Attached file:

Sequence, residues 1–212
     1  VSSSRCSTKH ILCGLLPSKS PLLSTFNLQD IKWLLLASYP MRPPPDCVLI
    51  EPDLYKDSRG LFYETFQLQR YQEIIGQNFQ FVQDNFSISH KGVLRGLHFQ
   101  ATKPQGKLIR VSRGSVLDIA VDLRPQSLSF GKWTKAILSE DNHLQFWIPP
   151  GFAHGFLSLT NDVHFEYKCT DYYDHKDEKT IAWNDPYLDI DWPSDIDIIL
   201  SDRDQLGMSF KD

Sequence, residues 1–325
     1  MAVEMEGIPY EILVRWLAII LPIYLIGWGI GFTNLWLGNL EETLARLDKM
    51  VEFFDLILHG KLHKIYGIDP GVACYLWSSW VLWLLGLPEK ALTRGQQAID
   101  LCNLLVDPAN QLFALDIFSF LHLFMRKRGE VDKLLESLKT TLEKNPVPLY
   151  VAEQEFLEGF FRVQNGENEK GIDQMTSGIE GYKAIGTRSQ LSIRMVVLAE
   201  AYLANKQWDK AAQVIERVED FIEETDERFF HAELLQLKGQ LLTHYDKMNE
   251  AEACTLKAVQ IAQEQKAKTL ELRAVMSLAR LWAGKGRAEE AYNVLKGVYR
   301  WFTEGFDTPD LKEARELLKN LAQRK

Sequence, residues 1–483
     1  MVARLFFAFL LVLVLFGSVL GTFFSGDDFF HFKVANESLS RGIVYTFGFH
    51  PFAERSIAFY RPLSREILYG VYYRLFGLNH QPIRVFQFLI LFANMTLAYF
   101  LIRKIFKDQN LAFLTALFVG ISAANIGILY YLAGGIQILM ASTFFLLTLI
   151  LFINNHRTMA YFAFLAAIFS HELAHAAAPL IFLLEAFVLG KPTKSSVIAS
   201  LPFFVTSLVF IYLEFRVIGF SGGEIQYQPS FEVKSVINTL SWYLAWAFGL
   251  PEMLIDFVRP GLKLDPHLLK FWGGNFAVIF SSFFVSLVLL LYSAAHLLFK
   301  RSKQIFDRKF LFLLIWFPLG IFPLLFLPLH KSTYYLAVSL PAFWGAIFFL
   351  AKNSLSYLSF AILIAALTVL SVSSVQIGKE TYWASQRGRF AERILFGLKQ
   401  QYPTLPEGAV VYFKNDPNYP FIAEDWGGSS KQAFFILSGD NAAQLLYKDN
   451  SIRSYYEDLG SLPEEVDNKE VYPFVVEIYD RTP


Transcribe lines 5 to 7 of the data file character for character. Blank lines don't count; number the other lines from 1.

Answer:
   151  GFAHGFLSLT NDVHFEYKCT DYYDHKDEKT IAWNDPYLDI DWPSDIDIIL
   201  SDRDQLGMSF KD

Sequence, residues 1–325